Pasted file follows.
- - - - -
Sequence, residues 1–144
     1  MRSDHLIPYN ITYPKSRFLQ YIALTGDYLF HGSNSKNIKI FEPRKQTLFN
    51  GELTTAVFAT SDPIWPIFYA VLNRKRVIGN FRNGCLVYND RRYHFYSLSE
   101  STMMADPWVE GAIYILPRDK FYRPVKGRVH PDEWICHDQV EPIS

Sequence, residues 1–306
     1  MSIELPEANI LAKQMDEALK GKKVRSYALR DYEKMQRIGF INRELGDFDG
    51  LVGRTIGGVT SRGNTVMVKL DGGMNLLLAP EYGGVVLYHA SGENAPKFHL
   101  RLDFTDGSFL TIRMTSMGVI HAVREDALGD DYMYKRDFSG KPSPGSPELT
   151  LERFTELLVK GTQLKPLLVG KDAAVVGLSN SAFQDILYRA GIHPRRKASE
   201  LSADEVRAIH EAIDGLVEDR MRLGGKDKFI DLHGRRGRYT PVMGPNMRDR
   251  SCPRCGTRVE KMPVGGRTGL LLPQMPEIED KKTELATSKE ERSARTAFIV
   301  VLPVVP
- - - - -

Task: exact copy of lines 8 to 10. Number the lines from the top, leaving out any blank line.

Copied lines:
   101  RLDFTDGSFL TIRMTSMGVI HAVREDALGD DYMYKRDFSG KPSPGSPELT
   151  LERFTELLVK GTQLKPLLVG KDAAVVGLSN SAFQDILYRA GIHPRRKASE
   201  LSADEVRAIH EAIDGLVEDR MRLGGKDKFI DLHGRRGRYT PVMGPNMRDR